Years ago - many, many years ago - I was visiting the grandmother of a good friend of mine. Well, OK, she was actually babysitting us; that's how long ago it was. Her home was an old bungalow that had not changed its decor since the 1950s; it had that old, musty smell that you expect to find in old people's houses. But she made up for it with fresh muffins and sweets, so I was fine with that.
At one point, my friend and I decided to sneak into the one room that we weren't allowed to play in - the sitting room. Because, let's be honest, being barred from somewhere only means you try harder to get in, especially when you're eight years old. (Often, when you're 38, as well.) There was not a speck of dust in the room, as if it was cleaned daily. Even to my young eyes, the furniture was antiquated, but immaculate. Knick-knacks littered the tables and shelves, and a thick, cream-coloured shag-pile carpet covered the floor. I decided to tempt fate and sit on the couch, and I realised then why I never saw anyone actually sitting in the sitting room.
The taut plastic covers on the furniture, left on right from the store to keep the furniture in its "just-bought" state, were unyielding and made an awful squeaking noise as I slid across them. It being summer and me in a pair of shorts, my bare legs stuck uncomfortably to the surface, and as I peeled them off I could already feel the perspiration underneath my knees. "Who would even want to sit here?" I thought.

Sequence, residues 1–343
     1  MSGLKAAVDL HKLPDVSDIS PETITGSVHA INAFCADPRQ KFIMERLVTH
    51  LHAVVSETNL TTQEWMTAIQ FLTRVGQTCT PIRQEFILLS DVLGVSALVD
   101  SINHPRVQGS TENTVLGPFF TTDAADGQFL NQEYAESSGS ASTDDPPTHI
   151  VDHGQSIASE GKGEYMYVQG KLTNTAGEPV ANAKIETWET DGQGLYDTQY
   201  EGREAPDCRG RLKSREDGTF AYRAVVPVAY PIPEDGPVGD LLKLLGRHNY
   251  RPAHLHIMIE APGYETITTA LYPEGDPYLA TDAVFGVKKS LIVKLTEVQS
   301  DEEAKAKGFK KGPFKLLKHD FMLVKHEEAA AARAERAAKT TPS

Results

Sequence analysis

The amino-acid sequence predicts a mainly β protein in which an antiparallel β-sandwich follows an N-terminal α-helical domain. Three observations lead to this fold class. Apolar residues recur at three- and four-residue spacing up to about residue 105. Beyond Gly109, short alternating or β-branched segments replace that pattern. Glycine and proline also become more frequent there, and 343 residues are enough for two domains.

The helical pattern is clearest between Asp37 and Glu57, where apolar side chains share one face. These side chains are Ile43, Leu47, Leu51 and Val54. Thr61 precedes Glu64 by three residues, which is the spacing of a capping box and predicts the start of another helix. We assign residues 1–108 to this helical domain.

I think that you know where I'm going with this. It's a common thread of conversation here in the UAE: why, why do so many people cover the seats of their new cars in see-through plastic wrap? It's everywhere, and almost always it's in new, expensive vehicles: Range Rovers, BMWs, Porsches ... All are brands that pride themselves on top-quality interior materials to meet the discerning tastes of their owners, only to have them unceremoniously covered in stuff better suited to wrapping up your lunch.
I could understand if your seat is ripped up and you want a quick fix; believe me, been there, done that. But that's usually in a 12-year-old Civic, and even then, plastic is not the choice. There are too many Looney Tunes, wooden bead or fake sheepskin seat covers to settle on uncomfortable, see-through plastic. Yes, it protects the interior. Of course, it helps with the resale value if your seats are "like new". But is that really worth it? Because what you're saying is that I'd rather not enjoy my new car now so that the next buyer can enjoy it fully.
Take the plastic off. Enjoy your car. Find out what the leather really feels like. Smell it, even. Driving is a visceral, emotional and, yes, sensual experience. Don't deprive yourself. email@example.com